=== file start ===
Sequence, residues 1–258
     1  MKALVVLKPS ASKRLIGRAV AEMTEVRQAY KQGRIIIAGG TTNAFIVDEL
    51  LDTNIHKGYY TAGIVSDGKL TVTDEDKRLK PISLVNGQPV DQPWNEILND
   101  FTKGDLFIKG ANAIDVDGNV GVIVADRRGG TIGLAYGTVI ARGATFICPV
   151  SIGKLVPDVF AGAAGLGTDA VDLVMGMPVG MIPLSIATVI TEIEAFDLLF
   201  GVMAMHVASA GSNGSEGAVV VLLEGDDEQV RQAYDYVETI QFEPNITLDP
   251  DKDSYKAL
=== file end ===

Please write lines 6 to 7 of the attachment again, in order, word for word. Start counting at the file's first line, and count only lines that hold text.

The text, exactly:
   201  GVMAMHVASA GSNGSEGAVV VLLEGDDEQV RQAYDYVETI QFEPNITLDP
   251  DKDSYKAL